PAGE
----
CHICAGO, IL –December 15, 2010 – The Better Business Bureau serving Chicago and Northern Illinois warns that data breaches such as those that occurred recently with McDonald’s, Walgreens, and the online media company Gawker show how easily your personal, medical, or financial information can be compromised, through no fault of your own.
In the case of these three companies hackers did not obtain any medical or financial information; however, for McDonald’s their customers were potentially exposed to having their e-mail information, names, addresses, phone numbers, birth dates and gender information compromised. Walgreens said hackers only gained access to customers e-mail information which may have allowed them to send spam asking their customers to input personal data into a false website.
“One very important lesson learned with the Gawker breach where more than 1.3 million people had their emails and passwords compromised is to develop good habits for updating passwords and at the very least, not using the same password for every website,” said Steve J. Bernas, president & CEO of the Better Business Bureau serving Chicago and Northern Illinois. “As consumers, we must always be vigilant in protecting ourselves against becoming a victim of identity theft.”
Should you find yourself a victim of a data breach, the BBB advises six things to do:
- Contact the organization that suffered the breach – A hot line may be setup to address your concerns and answer your questions.
- Contact any affected financial companies – If your bank accounts, credit card accounts, or investment accounts are affected, immediately contact the companies and request that the account be closed and a new one opened.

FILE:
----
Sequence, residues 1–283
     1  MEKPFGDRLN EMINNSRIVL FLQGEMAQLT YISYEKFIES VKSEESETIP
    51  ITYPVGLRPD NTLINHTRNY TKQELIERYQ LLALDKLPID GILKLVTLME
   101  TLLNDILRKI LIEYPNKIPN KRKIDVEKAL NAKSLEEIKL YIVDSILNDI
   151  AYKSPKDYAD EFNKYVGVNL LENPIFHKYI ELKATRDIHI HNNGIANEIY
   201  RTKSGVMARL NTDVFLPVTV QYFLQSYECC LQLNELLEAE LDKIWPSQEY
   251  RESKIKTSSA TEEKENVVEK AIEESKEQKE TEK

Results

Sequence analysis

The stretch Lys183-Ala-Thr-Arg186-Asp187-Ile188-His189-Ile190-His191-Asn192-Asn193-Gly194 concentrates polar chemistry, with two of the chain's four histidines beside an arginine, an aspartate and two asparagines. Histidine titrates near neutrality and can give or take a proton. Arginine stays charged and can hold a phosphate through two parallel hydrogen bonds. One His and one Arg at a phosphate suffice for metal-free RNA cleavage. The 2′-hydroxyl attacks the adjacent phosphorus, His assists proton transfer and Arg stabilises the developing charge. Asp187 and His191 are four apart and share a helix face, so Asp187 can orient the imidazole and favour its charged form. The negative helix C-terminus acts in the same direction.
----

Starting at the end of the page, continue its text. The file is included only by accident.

- Monitor your bank and credit statements closely – Check every item on your bank statements and credit card statements to be sure they are legitimate charges and expenditures. It is imperative this is done immediately after a data breach.
- File a fraud alert with all three (Equifax, Experian and TransUnion LLC) credit reporting agencies – Credit reporting agencies are required by law to flag your credit report for 90 days if you file a fraud alert. Then if someone tries to open a new account using your information you should be contacted for verification.
- Sign up for any free credit report monitoring that’s offered – If the company that compromised your information offers a free monitoring program take advantage of it.
- Obtain Annual Credit Reports - Consumers should obtain their credit report on a yearly basis to see if they have been a victim of identity theft. FREE reports can be obtained from www.annualcreditreport.com
Bernas adds, “Identity theft is still the fastest growing white collar crime. The BBB is here for consumers not only when they need help finding a trustworthy business or when they have a grievance with a company, but also to help protect their identity. Go to www.bbb.org for free information and www.chicagoshreds.com for free shred day events.”
For more information on preventing identity theft, visit www.bbb.org